We are about to launch a website soon which we will use to promote shows etc, mostly we do invites on the net and word gets around really quickly.Ive seen how our audience has grown and their praise keeps me going and knowing that were doing it right...

Here's another opportunity! Why should people come see Deadcuts and buy the upcomming record?‏

One way I can answer that is judging by what people say to me at shows, they often say that they've been waiting for a band like Deadcuts for sometime.A band that reflects the struggle of the times, the strange cataclysm of The Street and Mysticism that seems to whip up a frenzy everytime we play a gig, write a song or make a record, its with the same intensity-these people know that as soon as we hit the stage every bit of our blood, sweat and bio electrical energy goes into making and putting on the best performance we can.Who else would risk being banged up by the french police for smuggling their Guitarist in? people know they're getting the real deal and everywhere in this Godforsaken Planet people are crying out for it.

What's your opninion about downloading music online and what's your outlook
about the rest of record industry today?

Im totally against Illegal Downloading- its theft pure and simple.I remember watching a debate about it on Tv where some idiot who owned a supermarket was saying Musicians Should give their music away for free- Im sure he would have something to say if people just marched in and took his bread/milk and cigarettes without paying! then you had groups like Radiohead selling their album for whatever the public felt like paying and the presenter chipped in with " Why dont new bands follow this example" totally ignoring the very fact that Radiohead have sold millions of records in the past and are an established act.However this doesnt mean I have prehistoric attitude towards downloading - one must learn to adapt in this enviroment, there are always those who like Downloading and there will always be those who like to have Vinyl with artwork and lyric sheets.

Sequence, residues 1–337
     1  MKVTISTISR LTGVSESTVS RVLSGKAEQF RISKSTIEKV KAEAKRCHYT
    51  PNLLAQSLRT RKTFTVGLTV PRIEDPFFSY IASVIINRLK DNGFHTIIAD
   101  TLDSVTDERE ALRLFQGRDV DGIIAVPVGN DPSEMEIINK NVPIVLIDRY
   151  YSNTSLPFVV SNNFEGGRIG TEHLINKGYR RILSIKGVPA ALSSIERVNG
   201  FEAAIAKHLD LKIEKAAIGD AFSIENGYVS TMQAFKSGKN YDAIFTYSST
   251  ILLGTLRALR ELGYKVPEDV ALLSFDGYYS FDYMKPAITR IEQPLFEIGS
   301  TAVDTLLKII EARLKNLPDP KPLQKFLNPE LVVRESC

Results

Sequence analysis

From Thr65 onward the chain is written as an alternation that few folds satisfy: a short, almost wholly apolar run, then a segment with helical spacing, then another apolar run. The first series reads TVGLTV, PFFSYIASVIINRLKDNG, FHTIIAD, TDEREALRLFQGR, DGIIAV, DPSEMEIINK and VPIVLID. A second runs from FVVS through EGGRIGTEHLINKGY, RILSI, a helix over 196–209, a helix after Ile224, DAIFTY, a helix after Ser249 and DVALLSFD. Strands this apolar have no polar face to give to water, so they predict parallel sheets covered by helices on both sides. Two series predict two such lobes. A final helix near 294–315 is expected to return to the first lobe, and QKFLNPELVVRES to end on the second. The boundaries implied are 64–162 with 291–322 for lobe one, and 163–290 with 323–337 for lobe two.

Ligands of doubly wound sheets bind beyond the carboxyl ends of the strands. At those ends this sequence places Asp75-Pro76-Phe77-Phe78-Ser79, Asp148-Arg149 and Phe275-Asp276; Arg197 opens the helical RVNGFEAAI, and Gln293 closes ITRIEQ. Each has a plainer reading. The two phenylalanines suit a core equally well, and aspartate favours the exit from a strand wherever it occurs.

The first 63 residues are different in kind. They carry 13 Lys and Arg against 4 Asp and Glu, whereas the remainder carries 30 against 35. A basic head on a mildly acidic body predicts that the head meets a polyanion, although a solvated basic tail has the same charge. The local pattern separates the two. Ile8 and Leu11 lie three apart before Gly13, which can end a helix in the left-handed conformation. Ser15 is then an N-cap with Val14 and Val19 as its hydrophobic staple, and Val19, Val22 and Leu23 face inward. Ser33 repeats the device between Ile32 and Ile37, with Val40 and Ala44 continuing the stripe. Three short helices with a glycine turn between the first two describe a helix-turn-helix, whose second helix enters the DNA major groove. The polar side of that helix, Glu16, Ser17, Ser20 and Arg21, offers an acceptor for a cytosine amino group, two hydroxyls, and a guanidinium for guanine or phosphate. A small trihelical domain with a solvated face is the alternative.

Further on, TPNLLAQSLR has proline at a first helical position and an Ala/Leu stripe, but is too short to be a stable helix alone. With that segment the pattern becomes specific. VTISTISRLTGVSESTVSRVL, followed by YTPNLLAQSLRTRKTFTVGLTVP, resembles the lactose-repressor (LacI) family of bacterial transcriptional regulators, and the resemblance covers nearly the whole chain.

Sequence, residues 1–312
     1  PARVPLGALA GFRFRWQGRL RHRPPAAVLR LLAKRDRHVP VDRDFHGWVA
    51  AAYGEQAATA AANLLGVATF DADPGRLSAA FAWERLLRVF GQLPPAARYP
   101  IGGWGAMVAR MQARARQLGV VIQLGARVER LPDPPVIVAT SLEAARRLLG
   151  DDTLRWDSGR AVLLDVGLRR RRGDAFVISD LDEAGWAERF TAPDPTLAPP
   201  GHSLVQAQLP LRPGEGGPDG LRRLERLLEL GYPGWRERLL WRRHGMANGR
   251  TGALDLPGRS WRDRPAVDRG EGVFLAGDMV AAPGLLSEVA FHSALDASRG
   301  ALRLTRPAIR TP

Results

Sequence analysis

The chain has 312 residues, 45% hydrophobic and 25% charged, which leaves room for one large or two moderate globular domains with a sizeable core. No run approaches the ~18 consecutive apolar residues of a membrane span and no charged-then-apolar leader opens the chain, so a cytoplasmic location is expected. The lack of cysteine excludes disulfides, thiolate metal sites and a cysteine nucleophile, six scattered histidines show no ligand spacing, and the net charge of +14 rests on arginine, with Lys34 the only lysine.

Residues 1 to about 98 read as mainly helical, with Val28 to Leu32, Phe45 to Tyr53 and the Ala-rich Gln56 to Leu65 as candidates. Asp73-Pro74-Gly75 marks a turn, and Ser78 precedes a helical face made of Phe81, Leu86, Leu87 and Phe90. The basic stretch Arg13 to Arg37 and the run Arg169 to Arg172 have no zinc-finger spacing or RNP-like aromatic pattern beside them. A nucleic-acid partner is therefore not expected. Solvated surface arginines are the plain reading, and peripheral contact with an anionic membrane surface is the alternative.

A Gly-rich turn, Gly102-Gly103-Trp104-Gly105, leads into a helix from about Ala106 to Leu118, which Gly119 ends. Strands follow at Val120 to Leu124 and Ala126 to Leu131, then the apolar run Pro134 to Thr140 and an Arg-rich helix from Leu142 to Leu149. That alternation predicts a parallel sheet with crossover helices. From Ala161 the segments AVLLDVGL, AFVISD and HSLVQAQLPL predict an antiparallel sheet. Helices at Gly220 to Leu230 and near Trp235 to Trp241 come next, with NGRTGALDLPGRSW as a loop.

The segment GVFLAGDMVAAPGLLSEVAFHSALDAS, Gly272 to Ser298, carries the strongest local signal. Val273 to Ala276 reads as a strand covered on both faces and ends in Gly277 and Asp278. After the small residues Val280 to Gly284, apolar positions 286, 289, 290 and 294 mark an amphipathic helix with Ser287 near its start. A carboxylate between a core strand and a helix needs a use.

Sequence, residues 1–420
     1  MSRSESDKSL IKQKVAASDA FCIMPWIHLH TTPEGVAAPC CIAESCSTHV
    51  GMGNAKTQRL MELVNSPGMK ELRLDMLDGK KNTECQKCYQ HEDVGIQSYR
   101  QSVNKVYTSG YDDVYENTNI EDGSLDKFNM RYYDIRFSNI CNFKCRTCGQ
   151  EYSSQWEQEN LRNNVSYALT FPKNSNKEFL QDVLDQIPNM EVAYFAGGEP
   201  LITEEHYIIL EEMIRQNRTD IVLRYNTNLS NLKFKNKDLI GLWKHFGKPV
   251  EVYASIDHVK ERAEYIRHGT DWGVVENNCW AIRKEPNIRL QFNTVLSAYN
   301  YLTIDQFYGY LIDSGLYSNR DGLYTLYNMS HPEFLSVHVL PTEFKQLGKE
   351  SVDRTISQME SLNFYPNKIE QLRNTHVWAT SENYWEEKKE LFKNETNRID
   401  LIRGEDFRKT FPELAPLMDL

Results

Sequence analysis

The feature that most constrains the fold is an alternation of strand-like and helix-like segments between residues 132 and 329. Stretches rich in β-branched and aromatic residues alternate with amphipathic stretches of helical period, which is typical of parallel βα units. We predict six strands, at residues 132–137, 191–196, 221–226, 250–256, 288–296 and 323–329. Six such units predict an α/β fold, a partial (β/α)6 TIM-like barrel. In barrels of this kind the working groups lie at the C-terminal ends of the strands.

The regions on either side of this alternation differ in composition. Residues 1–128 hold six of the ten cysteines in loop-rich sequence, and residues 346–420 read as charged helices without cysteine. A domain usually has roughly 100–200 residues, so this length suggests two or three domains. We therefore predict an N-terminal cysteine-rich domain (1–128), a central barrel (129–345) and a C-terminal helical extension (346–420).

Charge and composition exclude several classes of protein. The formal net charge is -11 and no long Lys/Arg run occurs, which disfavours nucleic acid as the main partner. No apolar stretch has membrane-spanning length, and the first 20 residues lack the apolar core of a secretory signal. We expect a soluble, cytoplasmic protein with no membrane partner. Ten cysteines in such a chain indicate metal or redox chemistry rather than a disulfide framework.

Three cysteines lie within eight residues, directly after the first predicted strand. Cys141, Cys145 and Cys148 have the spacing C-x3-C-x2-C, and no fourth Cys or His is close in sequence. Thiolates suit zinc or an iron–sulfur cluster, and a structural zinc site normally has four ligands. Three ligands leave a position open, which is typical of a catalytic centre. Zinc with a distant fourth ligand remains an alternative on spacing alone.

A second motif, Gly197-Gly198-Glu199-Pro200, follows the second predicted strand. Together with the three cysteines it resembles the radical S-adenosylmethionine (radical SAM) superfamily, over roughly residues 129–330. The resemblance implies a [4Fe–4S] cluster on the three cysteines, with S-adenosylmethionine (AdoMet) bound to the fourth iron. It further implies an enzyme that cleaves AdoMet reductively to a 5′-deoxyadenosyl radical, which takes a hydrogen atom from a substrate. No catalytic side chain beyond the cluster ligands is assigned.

Got other hopes and dreams for the future‏?

To make as much great music and art as possible,to learn and transcend and to stay alive ( You wouldnt believe how hard that can be sometimes!)

Thanks for the interview guys! See you down the road!
Interview by HooliganOnE, May 2014 © UptheAlbion


Upcomming debut LP is planned for June under the name Dark is the night on Speedowax records

Official Deadcuts Facebook || Official Deadcuts Soundcloud || Website Comming Soon!